That was the conclusion of government officials, academics, and business leaders - including several working in the creative industries - participating in a panel discussion on the topic of "Creating and promoting partnerships, including in creative services."
They spoke in Beijing on the opening day of the Global Services Forum (GSF). The Forum is being staged by UNCTAD in cooperation with the Ministry of Commerce of the People's Republic of China and with the Beijing Municipality.
A series of speakers noted that partnerships among services firms, especially small ones, enable firms to operate more efficiently, expand their marketing reach, and transfer management know-how.
Education was identified as an important element in building a competitive services sector. "How many young people from developing countries can access world-class education?" Talal Abu-Ghazaleh of the TAG Foundation asked. "However, today, partnerships among universities using modern information and communication technology (ICT) services allow us to bring quality education to everyone in all corners of the world."
Several speakers provided examples of successful services partnerships. "Farmers have modernized and streamlined production" through partnerships with services firms in Uganda, said Amelia Kyambadde, the country's Minister of Trade, Industry, and Cooperatives. Other successful examples mentioned included information technology firms in India partnering with business process outsourcing firms in the Philippines, and partnerships between Chinese and European health service providers.
Some panelists cautioned that not all partnerships are successful. They said more information is urgently needed to better understand partnership dynamics. "We are missing statistics on services all over the world," remarked Pascal Kerneis, Managing Director of the European Services Forum.
Creative services are an important emerging sector
Dr. Hamad bin Abdulaziz Al-Kawari, Minister of Culture, Arts, and Heritage of Qatar, described creative industries as successful sectors in Qatar alongside the tourism industry. "Our experience in cultural exchange and interaction between nations and cultures confirms that this kind of communication leaves its imprints on relations as a whole, emphasized the Minister. Qatar continues to make large investments to develop a favorable environment for the creative economy and consistently supports creative services by organizing festivals, forums, exhibitions and conferences for the intellectuals, writers and artists.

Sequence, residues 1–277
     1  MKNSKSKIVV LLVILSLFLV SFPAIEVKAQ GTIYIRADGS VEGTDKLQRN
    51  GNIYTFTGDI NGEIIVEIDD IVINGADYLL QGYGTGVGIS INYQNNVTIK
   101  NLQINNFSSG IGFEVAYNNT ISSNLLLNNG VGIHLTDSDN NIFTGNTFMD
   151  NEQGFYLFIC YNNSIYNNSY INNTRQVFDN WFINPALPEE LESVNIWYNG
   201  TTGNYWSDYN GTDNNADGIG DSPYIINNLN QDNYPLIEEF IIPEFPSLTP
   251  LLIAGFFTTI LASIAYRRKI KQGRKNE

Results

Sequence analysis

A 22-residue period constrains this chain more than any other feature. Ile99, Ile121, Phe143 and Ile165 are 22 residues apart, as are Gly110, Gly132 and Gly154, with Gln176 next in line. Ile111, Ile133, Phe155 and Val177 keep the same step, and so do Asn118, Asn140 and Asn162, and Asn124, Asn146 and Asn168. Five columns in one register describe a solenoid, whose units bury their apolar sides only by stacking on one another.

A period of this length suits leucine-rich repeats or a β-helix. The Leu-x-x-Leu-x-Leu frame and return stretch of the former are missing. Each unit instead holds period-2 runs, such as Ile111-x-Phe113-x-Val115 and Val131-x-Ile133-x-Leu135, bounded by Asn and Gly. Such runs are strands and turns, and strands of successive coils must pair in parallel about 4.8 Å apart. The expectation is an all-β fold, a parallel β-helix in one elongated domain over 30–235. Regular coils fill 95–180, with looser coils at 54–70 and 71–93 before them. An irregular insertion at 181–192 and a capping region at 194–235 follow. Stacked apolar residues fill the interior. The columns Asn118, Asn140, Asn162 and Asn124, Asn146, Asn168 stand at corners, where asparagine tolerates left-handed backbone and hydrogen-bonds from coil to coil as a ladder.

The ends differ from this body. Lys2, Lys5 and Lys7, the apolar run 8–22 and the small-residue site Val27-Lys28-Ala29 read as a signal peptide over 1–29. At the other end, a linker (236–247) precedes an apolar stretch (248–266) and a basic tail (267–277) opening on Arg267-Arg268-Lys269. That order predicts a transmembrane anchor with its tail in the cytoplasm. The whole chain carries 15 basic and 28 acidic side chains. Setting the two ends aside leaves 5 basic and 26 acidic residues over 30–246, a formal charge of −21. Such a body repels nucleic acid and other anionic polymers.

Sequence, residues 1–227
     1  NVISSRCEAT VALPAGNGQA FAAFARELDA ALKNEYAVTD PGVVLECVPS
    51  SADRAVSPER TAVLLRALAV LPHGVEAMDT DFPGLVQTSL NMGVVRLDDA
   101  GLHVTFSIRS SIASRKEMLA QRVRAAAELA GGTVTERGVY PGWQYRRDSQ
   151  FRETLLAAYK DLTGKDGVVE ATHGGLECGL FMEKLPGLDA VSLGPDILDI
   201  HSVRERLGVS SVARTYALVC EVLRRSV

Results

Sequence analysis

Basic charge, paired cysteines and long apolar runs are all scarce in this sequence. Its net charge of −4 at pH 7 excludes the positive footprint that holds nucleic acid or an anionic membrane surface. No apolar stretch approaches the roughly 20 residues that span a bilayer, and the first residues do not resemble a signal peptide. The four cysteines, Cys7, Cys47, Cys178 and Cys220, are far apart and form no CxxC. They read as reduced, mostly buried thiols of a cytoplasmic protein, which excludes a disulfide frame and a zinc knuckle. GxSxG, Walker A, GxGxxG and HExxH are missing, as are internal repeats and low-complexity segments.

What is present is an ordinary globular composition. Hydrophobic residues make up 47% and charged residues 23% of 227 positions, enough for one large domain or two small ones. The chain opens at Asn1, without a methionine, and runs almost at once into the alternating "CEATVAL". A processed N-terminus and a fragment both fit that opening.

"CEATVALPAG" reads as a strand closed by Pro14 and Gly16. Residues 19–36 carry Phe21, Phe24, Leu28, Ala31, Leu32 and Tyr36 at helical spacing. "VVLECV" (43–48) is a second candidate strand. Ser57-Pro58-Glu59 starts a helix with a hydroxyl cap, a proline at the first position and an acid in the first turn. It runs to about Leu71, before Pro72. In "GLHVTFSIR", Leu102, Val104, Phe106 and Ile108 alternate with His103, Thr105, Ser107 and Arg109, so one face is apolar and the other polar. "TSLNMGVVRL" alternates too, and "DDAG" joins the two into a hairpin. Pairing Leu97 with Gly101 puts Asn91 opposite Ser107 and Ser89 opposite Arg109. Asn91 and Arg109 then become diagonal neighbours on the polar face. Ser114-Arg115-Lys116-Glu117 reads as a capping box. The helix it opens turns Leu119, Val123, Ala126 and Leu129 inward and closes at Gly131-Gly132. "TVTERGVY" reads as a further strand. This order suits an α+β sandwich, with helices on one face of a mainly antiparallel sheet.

With thousands of cultural sites, the city of Istanbul is now supporting creative industry firms in creating jobs and revitalizing the local economy, said Ismail Erturk of Istanbul Commerce University. Culture is an economic resource, he added.
Creative industry partnerships are critical for promoting and facilitating exports, speakers said. They noted that products such as film, music, arts, software, and crafts depend on a variety of inputs combining production, financing, and marketing to bring products to market and successfully export them. Often government involvement in the form of support for artist guilds and cooperatives is a vital contribution.
Fred C. Y. Wang, Chairman of Salon Films Studio (China Hong Kong), said ICT services have opened new opportunities for young people to create, produce, and distribute digital films and creative content. "Greater awareness of these possibilities is needed through improved education programmes for young people," he stressed.
Yong Xiang, Vice-Dean of the Institute for Cultural Industries, Peking University, spoke about the importance of cooperation among national and international cultural enterprises to develop and research cultural industry projects, to construct the incubating base of cultural industry projects, to dredge financing and investing channel for cultural industry.
Alexander Mora, President of the Chamber of Technology, Information and Communication (Costa Rica), highlighted Costa Rica is one of the largest exporters of high technology in the world and is becoming an engine for the development and creation of intellectual property.
And Ping Li, CEO of the International Federation of Multimedia Associations (Canada), told the meeting, "Multimedia art content together with the Internet services have transformed the market."
During the Global Services Forum in Beijing a partnership agreement was announced between UNCTAD and the Istanbul Commerce University to strengthen the Creative Economy Center of the university.